It will use 48 volts x 78 amps = 3744 watts and that translates to 80% efficiency.

What you have to work out is a gear ratio that gives you the desired speed at 2590 RPM with 4 hp. With electric motors if it take 1 hp for desired speed the motor peak power needs to be 3 to 4 hp. Just guessing here but the motor are looking at is just a little shy of what you want.

However you would have to check, but if the motor can run at 60 volts might be perfect with a 200 amp controller.
__________________
Dereck BC, PE MSEE

Last edited by Sunking; 03-19-2017 at 09:11 PM.
#7
03-19-2017, 11:25 PM
 Karter2 Senior Member Join Date: Nov 2011 Posts: 1,304
Re: Horsepower confusion

Why design to a precise limit.
Oversize the power capacity of the motor to allow for unforseen situations.
You dont have to use the extra power, but it is much less hassle to increase a current limit setting than to have to change out a motor to a bigger one after the build is complete.
#8
03-20-2017, 06:52 AM
 TheKid Junior Member Join Date: Mar 2017 Posts: 15
Re: Horsepower confusion

Thank you all for your responses.

I have googled my heart out trying to research this! I will see if there are any EV motor vendors that I can contact for further help. I have actually contacted a couple of motor manufacturers to obtain performance curves.

Dereck, you have cleared up some of my confusion on what the values represent. As I mentioned before I am following a method for this, the bit where I am stuck at is looking at the performance curves and reading the RPM at which the motor delivers my required hp. From what you have said however, it seems that the rated speed IS the RPM at which the rated horsepower is delivered (from the HP calculation). This is very useful to me. How would you read this from a motors power curve though? I will give an example, the HPEV AC-20 is supposedly a good choice for lightweight vehicles, which mine definitely is. However, at 5hp on the curve the RPM is very low, which of course gives me a very low overall gear ratio. This is where the majority of my confusion has been..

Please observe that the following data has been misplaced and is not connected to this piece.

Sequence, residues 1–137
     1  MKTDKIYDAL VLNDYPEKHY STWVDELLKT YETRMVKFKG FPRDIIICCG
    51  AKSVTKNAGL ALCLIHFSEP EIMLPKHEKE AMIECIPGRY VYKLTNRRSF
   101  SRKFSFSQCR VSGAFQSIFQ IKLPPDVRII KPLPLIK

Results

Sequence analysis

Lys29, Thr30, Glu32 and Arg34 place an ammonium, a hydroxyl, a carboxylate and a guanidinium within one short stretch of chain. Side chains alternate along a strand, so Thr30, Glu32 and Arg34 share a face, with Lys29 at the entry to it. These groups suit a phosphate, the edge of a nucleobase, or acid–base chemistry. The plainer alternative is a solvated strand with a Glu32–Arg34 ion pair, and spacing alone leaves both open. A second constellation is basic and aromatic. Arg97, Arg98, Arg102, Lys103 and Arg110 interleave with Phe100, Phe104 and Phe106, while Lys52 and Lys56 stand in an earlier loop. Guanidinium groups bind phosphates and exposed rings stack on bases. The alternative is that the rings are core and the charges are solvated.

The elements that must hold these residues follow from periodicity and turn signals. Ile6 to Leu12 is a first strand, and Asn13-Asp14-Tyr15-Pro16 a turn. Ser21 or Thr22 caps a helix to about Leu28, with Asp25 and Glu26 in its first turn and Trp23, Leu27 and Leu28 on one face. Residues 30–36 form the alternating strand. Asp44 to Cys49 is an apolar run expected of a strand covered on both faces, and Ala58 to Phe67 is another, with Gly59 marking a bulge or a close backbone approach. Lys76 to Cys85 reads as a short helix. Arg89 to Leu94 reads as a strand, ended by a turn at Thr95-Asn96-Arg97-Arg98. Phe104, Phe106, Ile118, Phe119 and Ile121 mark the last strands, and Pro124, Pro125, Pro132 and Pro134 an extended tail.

http://www.hpevs.com/Site/power_grap...20imperial.pdf

In fact on the "peak" graph above (72 volts / 300 amps) it doesn't even measure 5hp at any point. However on the "continuous" plot for the same motor..
http://www.hpevs.com/Site/power_grap...nuous%20FC.pdf

I emailed HPEV and they said their ac motors "want" to run at 6000 RPM. As i said my main confusion is coming from the graphs..

The reason I have a precise limit is because of the method I am following, I am looking for a motor based on the required hp at my design center speed of 30mph. My next calculation is based on the RPM at which this horsepower is delivered, so that I can calculate the overall gear ratio:
overall gear ratio = RPM(motor) / RPM(wheel)

Anymore help to clear this confusion is greatly appreciated!
#9
03-20-2017, 08:01 AM
 major Senior Member Join Date: Apr 2008 Location: Ohio, USA Posts: 7,330
Re: Horsepower confusion

Kid,

Don't know what you mean by center speed. Maybe you're taking a wrong approach to motor selection. Also sounds like confusion interpretating motor performance curves. Here's another suggestion. Read: https://www.amazon.com/Build-Your-Ow.../dp/0830642315.
By Bob Brandt.

Regards,

major
#10
03-20-2017, 12:29 PM
 TheKid Junior Member Join Date: Mar 2017 Posts: 15
Re: Horsepower confusion

Funnily enough that is the book I am following!

What I meant by "design center speed" is simply the operating point for my vehicle. It is a car designed mainly for city use, so I have chosen to base calculations around this speed (30mph)

Last edited by TheKid; 03-20-2017 at 12:32 PM.